4. Women’s soccer
Headlined by star forward Elise Krieghoff, the Cal Poly women’s soccer team has been a contender for a long time. Krieghoff is a goal machine and has been featured on SportsCenter’s Top 10 plays. The Mustangs had a decent year but have the potential to reach the next level.
In this upcoming year, the final for Krieghoff and goalkeeper Alyssa Giannetti, the Mustangs will need the supporting cast of players to come through and provide support. Sophomore winger Megan Abutin emerged as a force to be reckoned with, combining with Krieghoff to create the majority of Cal Poly’s chances.
If one or two more players step up and perform, this team could easily dominate the Big West.
3. Men’s tennis
One year removed from an NCAA Tournament appearance, the men’s tennis team needed to mildly regroup after All-American Andre Dome graduated.
They were up to the task, exceeding expectations and finishing the year ranked No. 52 in the nation. Sophomores Ben Donovan and Corey Pang dominated in doubles, losing just twice all year. Donovan also anchored Cal Poly in singles, holding down the No. 1 spot.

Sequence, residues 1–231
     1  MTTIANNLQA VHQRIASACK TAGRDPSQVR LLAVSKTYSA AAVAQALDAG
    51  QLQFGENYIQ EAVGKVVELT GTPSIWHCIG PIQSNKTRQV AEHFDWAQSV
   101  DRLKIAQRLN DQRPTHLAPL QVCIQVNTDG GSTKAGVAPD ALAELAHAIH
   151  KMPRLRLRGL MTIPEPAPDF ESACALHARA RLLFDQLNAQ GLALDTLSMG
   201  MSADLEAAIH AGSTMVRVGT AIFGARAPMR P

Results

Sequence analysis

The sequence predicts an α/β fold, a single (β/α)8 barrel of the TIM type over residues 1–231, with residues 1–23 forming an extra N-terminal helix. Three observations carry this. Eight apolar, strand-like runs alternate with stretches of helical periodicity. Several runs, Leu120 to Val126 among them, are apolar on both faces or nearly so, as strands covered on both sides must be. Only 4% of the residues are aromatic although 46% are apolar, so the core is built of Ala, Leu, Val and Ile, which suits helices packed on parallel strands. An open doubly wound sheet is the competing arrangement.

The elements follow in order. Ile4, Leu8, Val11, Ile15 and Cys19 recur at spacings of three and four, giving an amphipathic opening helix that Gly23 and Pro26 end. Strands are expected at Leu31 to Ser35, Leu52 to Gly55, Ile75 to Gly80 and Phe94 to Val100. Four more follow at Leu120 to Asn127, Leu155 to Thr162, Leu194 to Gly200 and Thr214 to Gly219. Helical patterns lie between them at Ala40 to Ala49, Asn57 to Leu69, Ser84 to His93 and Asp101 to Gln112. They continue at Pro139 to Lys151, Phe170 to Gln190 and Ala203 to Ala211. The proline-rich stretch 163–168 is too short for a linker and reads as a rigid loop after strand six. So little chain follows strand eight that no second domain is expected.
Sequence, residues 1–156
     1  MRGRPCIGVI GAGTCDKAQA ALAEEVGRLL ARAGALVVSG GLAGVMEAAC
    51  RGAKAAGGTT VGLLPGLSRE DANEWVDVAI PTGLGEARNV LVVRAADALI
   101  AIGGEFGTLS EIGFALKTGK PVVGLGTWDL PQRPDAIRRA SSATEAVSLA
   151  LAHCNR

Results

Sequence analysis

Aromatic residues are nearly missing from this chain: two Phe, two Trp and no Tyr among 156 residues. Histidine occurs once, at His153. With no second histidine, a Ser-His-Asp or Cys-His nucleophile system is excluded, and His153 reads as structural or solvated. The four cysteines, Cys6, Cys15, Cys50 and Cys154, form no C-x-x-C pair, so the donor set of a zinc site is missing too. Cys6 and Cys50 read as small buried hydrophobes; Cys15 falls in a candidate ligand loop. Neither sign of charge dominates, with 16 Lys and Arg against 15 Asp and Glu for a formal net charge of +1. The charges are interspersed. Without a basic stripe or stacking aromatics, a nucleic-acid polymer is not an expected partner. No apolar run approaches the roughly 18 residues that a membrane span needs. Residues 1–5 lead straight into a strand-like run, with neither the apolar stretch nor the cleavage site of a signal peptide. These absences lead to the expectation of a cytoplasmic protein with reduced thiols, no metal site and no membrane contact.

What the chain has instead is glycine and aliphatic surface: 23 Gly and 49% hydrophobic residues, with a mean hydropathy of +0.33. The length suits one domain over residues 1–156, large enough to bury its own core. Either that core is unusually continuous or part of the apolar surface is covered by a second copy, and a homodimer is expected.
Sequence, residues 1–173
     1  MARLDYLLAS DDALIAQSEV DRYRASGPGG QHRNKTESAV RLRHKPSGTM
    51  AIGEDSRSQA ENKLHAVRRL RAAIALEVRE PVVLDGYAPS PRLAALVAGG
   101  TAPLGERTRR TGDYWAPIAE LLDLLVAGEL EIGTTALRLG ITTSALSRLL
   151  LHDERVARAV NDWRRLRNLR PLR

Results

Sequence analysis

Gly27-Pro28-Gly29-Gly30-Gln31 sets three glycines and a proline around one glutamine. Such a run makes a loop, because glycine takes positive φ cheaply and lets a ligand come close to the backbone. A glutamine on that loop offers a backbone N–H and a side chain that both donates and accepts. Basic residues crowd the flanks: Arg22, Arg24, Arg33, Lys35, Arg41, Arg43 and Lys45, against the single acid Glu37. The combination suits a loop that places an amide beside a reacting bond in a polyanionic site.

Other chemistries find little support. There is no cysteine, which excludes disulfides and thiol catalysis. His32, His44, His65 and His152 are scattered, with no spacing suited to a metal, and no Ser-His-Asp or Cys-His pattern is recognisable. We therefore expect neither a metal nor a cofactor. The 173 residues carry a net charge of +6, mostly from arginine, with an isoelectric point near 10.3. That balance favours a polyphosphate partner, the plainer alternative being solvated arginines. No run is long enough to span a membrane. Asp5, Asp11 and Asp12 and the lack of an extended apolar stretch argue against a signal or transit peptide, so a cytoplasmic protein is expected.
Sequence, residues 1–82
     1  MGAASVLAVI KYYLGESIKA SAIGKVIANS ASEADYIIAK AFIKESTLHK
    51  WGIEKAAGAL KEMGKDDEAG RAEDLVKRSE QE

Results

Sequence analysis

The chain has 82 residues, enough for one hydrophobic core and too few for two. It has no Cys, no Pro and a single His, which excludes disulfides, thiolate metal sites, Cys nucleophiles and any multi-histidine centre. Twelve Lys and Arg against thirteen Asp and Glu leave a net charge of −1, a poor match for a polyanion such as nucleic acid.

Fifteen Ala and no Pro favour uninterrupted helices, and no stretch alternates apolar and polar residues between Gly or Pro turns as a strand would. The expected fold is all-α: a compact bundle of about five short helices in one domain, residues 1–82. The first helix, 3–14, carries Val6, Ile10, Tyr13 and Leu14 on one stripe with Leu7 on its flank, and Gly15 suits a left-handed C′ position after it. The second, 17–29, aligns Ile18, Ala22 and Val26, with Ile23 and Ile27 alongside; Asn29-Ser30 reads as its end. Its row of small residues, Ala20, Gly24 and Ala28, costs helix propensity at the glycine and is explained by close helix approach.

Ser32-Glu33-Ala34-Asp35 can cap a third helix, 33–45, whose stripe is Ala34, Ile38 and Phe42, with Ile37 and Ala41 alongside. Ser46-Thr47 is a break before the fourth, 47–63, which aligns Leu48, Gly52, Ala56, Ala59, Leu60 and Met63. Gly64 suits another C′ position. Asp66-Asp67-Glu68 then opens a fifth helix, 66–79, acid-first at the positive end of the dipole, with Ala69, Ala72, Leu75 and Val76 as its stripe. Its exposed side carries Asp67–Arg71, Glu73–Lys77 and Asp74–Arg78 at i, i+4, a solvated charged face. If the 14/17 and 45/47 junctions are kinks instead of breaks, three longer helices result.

The Mustangs will lose just two seniors, with the rest of the roster consisting of underclassmen. With the next few years consisting of the exact same roster, the team can only improve with the continued development of current players and the addition of new recruits.
2. Track and Field/Cross Country
Despite being different, the two programs have enough crossover that we can’t really separate their rankings.
Head coach Mark Conover has created a positive culture with distance running at Cal Poly, as well as continuing to improve the other sections of the track and field squad. Conover’s program has produced multiple Olympians, as well as two athletes competing in the NCAA Championships at Oregon this year.